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A paleomagnetic pole of intermediate reliability was determined from Middle Jurassic volcanic and volcaniclastic rocks of southeastern Arizona (reference in Suggested Readings). Nineteen sites with an average of seven cores per site were collected at Corral Canyon in the Patagonia Mountains. Isotopic data indicate an age of 172 6 Ma. Some volcanic units contained magnetite as the dominant ferromagnetic mineral, while hematite dominated in more oxidized volcanic units and there was a single site in red mudstone. For sites with magnetite as the dominant carrier of NRM, AF demagnetization revealed the same ChRM direction as did thermal demagnetization. For sites with hematite carrying the NRM, thermal demagnetization was generally successful in isolating the ChRM. However, evidence of lightning-induced IRM was found at three sites from which ChRM could not be isolated Directions of ChRM were isolated from the remaining 16 sites. But four site-mean directions were widely divergent from the other 12 site means (by more than two estimated angular standard deviations). Although only speculative explanations could be provided, these four sites probably do not provide records that are typical of the geomagnetic field during the Middle Jurassic and were not used in the determination of the paleomagnetic pole. Site-mean ChRM directions of the 12 remaining sites were reasonably well determined; eight site-mean directions had 95 < 10. One site had reversed polarity with antipode in the middle of the 11 normal-polarity site-mean directions. But with only one reversed-polarity site, rigorous evaluation of the reversals test is not possible. The site-mean VGPs are shown in Figure 7.7 along with the resulting paleomagnetic pole and statistical quantities. The observed dispersion of site-mean VGPs is 11.5, in reasonable agreement with S 13 predicted from Figure 7.4 for adequate sampling of secular variation. This paleomagnetic pole is considered of intermediate reliability because there are strengths and weaknesses to the paleomagnetic data used in its determination. On the positive side, several aspects of the data indicate that the ChRM directions in these Middle Jurassic volcanic rocks are primary TRM: 1. There is reasonably clear isolation of ChRM directions from numerous volcanic units of variable deuteric oxidation state and from an interbedded sedimentary unit. 2. A reversed-polarity site has ChRM direction antipodal to the grouping of normal-polarity site means. 3. The dispersion of site-mean VGPs is consistent with sampling of geomagnetic secular variation. Collectively, these observations indicate that the ChRM of these volcanic rocks is primary TRM. On the negative side, data from several sites were rejected because a ChRM could not be isolated or the site-mean ChRM direction was divergent from the dominant clustering of site-mean directions. No matter how well founded such data rejection might be, it always causes some uneasiness with the final result. In the end, just 12 sites proved useful for determination of the paleomagnetic pole. Successful isolation of ChRM directions from more sites might have yielded a more confidently determined pole. However, there are sufficient attributes to this paleomagnetic data to regard the Corral Canyon Pole as reasonably well determined and the associated A95 6 as a realistic estimate of the precision. Two problem cases Figure 7.8 illustrates paleomagnetic poles that suffer from two very different inadequacies in the data used for their determination. In Figure 7.8a, site-mean VGPs from 25 sites in a stratigraphic succession of Paleocene lavas at Gringo Gulch (yes, this is a real place name!) near Patagonia, Arizona, are illustrated. Sitemean ChRM directions were all well determined. But all site-mean ChRM directions have reversed polarity. Furthermore, the dispersion of site-mean VGPs (S) is only 4.1 compared with a predicted dispersion S 14 for the paleolatitude of 30. The obvious problem here is that the VGPs are too tightly clustered. This suggests that the 25 lavas at Gringo Gulch have not adequately sampled geomagnetic secular variation. These flows most likely were extruded in rapid succession during an interval substantially less than the longer periodicities of secular variation, perhaps <103 yr.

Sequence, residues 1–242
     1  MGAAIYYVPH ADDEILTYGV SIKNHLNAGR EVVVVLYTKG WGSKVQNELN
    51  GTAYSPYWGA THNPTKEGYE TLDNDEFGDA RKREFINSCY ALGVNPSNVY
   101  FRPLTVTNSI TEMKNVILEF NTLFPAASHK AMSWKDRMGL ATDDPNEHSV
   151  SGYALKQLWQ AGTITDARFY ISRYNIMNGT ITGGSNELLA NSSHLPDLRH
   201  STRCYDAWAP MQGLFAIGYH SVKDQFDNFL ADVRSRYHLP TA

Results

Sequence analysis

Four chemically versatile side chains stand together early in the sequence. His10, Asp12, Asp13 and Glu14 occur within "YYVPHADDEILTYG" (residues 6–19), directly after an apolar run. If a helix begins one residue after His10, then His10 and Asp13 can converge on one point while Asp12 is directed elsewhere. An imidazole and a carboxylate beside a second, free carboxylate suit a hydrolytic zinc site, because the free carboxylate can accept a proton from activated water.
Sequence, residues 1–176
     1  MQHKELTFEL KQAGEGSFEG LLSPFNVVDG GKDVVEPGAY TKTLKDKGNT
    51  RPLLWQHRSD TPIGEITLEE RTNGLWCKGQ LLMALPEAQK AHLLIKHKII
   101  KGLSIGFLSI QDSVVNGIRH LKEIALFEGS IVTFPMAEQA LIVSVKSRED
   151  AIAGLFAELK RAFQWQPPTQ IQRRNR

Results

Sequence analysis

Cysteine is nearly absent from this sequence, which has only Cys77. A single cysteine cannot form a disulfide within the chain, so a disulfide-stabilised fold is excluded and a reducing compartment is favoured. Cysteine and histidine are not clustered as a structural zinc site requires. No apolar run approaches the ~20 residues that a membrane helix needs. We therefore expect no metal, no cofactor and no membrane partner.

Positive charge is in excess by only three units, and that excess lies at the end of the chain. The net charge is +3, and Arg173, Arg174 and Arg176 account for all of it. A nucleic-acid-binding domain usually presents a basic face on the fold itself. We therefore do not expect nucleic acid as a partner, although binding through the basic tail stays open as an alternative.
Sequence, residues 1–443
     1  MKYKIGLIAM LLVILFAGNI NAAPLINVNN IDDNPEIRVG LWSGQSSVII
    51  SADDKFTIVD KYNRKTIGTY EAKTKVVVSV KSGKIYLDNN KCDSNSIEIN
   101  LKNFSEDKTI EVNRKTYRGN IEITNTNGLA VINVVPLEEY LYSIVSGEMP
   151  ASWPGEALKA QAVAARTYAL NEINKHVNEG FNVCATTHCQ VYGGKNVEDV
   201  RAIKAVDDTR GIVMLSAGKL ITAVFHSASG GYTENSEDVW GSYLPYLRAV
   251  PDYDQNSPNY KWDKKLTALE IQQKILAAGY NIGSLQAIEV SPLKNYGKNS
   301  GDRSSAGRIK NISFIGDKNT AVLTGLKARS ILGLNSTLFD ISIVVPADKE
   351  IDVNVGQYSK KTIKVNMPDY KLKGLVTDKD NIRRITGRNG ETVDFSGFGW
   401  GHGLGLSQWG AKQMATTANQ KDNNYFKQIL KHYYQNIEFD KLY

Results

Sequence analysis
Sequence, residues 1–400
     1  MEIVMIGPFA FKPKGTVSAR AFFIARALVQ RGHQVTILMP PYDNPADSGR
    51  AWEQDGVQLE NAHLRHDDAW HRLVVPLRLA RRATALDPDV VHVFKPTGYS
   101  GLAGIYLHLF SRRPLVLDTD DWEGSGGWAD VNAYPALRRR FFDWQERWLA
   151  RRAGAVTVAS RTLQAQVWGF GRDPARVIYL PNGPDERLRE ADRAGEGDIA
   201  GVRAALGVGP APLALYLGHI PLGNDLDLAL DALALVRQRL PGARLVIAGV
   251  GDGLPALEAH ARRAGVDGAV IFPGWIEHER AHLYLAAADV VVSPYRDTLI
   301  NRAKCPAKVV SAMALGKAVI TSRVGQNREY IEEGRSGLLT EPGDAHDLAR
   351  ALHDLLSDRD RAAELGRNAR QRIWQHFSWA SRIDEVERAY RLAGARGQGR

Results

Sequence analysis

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p = 61.8N; p = 116.0E N = 12; K = 49.6; A 95 = 6.2; S = 11.5

Figure 7.7 Paleomagnetic pole from Middle Jurassic volcanic and volcaniclastic rocks of southeastern Arizona. Symbols as in Figure 7.3. The small confidence limit (A95 = 1.4) for the calculated pole position gives the impression of a highly accurate paleomagnetic pole determination. In this case, however, the small A95 is misleading. The Gringo Gulch pole is not more accurate than the paleomagnetic pole from the Paleocene intrusions of north-central Montana discussed above. On the contrary, the Gringo Gulch pole is not nearly as reliably determined as is the pole from the Montana intrusives. This example indicates the importance of careful data examination (at least at the site-mean level) in judging reliability of paleomagnetic poles. Because of changing experimental techniques and criteria for determination, there are many paleomagnetic poles in the literature that would not today be considered reliably determined. So as not to raise the hackles of the original investigators, the following example from the literature is referred to as the mystery pole. The paleomagnetic sampling leading to determination of the mystery pole was carried out on volcanic rocks in the southern hemisphere. In the publication reporting the mystery pole, results from 12 sites are listed. However, if one applies data selection criteria requiring three or more samples per site and site-mean 95 20, then data from only three sites remain! Site-mean VGPs for these three sites are illustrated in Figure 7.8b, using the standard convention of showing the paleomagnetic pole closest to the present south geographic pole for observations from the southern hemisphere. Although the mystery pole has A95 = 8.7 and does not at first sight appear poorly determined, again appearances are deceiving. As discussed above, a paleomagnetic data set with only three site-mean direc-